The result is an end-run around the Fourth Amendment. Investigators have easy access to a trove of Americans’ private emails, calls, and messages, without ever seeking individualized approval from any judge, as the Constitution requires.

This surveillance leaves far too much unchecked power in the hands of executive branch officials. Today, that includes President Trump, who as a candidate called for expanded spying on Americans. The ACLU is taking on this threat to Americans’ privacy rights, just as we challenged the government’s warrantless wiretapping across both the Bush and Obama administrations. Now the courts must do their part to ensure that Americans’ online communications receive the full protection of the Fourth Amendment.

View comments (26)
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Carolyn

Most Americans will think nothing of it because it appears to not be anything that will touch them. Again, slippery slope. Let them do as they please to "foreigners" and it creeps closer violating "us." Wake up.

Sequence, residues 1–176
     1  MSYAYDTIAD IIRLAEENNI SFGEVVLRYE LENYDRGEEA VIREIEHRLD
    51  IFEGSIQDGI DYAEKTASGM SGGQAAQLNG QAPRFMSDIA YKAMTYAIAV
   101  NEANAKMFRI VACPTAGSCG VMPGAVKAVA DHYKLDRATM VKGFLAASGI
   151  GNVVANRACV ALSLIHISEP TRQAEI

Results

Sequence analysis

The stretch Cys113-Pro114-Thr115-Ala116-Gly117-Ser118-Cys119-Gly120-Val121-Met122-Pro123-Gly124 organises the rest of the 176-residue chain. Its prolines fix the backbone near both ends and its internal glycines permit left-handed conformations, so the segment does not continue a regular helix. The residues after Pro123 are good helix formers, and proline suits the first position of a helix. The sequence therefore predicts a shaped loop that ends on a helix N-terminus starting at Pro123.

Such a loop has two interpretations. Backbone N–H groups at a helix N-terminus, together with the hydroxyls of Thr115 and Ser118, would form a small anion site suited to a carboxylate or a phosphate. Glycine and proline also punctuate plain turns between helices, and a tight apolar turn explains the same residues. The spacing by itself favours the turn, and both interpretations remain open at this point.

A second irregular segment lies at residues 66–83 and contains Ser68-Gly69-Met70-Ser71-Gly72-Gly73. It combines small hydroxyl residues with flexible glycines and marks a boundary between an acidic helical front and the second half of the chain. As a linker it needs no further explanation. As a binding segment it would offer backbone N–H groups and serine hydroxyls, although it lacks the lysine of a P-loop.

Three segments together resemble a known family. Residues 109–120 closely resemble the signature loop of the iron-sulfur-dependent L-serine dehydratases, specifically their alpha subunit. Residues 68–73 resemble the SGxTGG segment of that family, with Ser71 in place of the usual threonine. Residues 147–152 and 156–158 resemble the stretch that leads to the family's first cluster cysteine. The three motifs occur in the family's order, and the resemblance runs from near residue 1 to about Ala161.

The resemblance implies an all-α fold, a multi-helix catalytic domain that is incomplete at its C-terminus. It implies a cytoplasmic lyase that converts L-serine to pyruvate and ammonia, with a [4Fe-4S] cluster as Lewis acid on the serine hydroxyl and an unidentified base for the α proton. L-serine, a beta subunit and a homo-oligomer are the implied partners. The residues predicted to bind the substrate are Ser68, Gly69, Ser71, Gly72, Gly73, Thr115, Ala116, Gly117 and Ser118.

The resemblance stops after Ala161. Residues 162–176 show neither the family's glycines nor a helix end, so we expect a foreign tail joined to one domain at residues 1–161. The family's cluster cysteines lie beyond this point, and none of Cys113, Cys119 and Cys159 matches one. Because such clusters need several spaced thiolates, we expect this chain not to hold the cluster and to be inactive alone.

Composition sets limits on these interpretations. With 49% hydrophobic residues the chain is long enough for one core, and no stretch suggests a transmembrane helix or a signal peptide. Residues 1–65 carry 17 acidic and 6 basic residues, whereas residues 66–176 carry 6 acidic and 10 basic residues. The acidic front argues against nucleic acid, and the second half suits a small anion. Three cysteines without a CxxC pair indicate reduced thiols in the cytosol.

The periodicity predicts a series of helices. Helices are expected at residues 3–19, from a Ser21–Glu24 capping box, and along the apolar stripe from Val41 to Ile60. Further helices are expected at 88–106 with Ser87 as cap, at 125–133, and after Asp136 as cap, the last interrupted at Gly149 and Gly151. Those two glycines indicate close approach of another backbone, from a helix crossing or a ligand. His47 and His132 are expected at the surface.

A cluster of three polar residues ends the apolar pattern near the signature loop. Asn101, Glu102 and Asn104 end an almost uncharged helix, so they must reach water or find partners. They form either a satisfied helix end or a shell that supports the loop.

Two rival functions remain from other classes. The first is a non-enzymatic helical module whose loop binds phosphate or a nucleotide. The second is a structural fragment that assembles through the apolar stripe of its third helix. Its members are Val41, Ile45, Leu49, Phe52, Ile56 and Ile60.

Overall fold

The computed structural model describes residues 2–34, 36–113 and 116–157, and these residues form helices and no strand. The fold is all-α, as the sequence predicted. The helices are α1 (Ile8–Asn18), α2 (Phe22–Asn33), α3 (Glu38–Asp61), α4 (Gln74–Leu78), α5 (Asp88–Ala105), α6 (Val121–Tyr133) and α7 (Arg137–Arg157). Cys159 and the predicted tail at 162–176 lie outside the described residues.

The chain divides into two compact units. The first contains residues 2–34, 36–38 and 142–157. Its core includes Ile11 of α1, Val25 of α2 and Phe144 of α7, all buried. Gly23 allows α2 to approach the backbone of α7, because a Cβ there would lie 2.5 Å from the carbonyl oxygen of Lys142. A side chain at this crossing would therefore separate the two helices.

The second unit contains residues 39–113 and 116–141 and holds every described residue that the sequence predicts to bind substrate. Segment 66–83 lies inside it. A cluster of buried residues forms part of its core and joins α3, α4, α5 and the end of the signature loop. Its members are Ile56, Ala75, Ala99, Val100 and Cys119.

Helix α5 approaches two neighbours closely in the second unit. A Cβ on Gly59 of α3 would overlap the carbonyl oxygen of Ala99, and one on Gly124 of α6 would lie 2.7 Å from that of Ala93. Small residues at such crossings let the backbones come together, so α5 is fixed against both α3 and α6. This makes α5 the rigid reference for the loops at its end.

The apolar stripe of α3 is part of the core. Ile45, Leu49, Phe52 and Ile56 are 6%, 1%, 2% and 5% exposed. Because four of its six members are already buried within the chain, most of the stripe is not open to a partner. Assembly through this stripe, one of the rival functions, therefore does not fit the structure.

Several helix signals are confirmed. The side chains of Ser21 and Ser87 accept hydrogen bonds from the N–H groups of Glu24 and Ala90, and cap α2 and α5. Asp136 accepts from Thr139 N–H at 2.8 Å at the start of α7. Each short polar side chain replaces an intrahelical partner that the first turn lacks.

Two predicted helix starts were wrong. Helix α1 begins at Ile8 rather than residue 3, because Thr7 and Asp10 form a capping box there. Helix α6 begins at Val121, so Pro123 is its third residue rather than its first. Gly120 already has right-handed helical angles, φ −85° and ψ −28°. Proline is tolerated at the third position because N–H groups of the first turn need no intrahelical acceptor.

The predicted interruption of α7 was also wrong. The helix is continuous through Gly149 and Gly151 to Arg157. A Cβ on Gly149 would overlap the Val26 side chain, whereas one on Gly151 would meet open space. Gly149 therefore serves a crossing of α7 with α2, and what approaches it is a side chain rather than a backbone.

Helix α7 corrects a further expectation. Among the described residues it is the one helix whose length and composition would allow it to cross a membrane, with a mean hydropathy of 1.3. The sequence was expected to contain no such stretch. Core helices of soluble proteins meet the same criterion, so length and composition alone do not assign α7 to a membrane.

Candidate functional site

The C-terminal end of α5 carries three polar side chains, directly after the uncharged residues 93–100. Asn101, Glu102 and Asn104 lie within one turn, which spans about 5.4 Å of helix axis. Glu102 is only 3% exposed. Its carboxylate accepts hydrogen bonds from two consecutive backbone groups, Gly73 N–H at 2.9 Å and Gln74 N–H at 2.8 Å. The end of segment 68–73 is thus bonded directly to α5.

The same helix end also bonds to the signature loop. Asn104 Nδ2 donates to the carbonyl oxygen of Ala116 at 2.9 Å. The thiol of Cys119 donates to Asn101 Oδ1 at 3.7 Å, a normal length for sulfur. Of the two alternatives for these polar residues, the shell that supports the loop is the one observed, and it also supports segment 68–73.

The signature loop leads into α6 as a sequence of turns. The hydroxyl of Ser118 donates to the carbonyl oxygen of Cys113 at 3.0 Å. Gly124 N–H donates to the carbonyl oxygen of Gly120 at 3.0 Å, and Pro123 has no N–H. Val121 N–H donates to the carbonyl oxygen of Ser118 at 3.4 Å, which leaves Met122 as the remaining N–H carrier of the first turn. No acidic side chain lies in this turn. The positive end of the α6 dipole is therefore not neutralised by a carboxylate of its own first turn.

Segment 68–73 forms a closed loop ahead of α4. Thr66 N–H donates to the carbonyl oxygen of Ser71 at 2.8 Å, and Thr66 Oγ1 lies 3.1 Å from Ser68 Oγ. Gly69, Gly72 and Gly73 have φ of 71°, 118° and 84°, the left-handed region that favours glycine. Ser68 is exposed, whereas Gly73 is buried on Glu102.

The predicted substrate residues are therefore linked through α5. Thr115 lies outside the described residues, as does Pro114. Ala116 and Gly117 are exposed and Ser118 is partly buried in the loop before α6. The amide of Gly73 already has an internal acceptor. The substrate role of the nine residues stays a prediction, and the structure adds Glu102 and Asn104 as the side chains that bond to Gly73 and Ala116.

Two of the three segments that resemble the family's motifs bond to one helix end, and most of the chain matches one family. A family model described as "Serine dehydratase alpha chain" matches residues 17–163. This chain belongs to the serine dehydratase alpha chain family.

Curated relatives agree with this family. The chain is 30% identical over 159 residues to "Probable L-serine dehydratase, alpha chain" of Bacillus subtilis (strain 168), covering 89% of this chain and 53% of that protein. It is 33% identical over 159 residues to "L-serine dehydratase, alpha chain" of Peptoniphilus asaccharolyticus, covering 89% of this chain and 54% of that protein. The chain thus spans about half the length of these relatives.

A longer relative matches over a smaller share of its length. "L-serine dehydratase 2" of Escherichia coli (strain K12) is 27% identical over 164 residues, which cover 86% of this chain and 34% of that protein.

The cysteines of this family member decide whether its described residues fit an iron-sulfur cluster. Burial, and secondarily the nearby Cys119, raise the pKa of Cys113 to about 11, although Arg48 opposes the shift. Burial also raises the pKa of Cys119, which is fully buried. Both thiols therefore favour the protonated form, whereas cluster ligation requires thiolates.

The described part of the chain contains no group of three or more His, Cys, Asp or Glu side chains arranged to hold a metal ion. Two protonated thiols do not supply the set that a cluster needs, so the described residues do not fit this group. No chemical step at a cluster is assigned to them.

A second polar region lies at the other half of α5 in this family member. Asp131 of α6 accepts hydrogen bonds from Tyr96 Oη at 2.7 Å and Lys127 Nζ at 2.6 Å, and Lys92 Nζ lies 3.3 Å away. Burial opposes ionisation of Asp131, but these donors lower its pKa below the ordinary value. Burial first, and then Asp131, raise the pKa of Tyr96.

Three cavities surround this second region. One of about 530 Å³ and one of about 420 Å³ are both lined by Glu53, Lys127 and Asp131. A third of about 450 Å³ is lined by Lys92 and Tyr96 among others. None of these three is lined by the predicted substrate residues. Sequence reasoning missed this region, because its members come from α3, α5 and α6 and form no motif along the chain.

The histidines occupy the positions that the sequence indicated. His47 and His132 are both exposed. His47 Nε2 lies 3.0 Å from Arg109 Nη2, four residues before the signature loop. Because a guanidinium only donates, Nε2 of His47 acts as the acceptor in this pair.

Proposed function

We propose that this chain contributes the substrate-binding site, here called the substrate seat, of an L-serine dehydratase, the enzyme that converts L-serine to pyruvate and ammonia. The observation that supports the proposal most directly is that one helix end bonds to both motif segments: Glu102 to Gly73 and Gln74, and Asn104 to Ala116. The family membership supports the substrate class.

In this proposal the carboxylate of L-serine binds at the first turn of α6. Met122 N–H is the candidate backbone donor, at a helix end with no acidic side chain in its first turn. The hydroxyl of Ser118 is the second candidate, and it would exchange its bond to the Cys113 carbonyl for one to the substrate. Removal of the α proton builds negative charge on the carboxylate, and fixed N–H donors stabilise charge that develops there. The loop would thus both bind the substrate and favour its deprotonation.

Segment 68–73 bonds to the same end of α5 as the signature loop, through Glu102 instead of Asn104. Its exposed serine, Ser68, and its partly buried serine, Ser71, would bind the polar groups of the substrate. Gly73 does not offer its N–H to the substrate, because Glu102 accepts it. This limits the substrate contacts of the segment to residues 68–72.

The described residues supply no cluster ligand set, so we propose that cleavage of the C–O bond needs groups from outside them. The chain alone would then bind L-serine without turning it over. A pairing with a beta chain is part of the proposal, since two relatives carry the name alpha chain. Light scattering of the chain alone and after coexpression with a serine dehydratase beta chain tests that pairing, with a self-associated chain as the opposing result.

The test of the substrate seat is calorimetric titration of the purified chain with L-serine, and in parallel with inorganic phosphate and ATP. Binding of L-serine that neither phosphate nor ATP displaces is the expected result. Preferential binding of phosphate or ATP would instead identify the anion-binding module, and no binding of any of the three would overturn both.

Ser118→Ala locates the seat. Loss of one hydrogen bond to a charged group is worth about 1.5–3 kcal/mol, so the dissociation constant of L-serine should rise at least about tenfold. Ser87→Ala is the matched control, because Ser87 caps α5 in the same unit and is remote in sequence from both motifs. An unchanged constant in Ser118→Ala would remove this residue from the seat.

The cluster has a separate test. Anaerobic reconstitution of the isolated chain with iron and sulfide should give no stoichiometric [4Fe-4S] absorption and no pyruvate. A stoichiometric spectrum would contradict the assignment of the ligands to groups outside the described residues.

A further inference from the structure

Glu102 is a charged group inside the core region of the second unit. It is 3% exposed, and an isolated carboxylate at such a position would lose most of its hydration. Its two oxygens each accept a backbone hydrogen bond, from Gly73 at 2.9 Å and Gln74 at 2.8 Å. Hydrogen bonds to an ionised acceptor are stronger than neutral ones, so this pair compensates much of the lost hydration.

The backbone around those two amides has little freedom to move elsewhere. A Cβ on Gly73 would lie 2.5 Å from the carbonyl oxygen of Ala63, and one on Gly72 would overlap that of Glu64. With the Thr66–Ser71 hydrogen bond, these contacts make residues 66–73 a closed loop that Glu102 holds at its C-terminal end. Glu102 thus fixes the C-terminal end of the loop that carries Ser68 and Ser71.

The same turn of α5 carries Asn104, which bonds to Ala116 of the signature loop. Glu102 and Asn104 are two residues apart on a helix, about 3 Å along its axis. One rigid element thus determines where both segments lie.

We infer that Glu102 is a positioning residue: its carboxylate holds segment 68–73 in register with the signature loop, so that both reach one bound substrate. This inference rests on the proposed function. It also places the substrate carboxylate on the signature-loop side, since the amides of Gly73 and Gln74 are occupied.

C-Fan

You're goddamm right CAROLYNE!

Anonymous

im a victim of it, ive had them use it like voyerism n mental torture, have had them run bank scams, mess with utilities, my cable, my personal life, and they need to do away with all of it cause ppl cnt be trusted with it, and theyve ruined my life. im a retired undercvr informant.

Anonymous

Allow me to add to this list: messing with security systems and the loud sound that diplomats and state dept ppl experienced in Cuba is also going on here. Not to mention the mini drone surveillance, both stationary and roving ones.

Anonymous

Fake news. You were targeted by a group of aliens that put a special implant in your leg.

Anonymous

If the government considers you a KST, they will destroy you. No way to get off the list but to go hide in a corner. You cannot leave the country and enter the country and all your movements are tracked and your entire family suffers. A true quasi nazi apartheid state where the government has created a digital and a virtual often invisible apartheid state.

Anonymous

Ironic that Trump accused Obama of spying on him. But he wants expanded spying of everyone else. We no long live in a society with privacy or civil liberties.

RP

@AnonymousIronic that Trump accused Obama of spying on him. But he wants expanded spying of everyone else. We no long live in a society with privacy or civil liberties.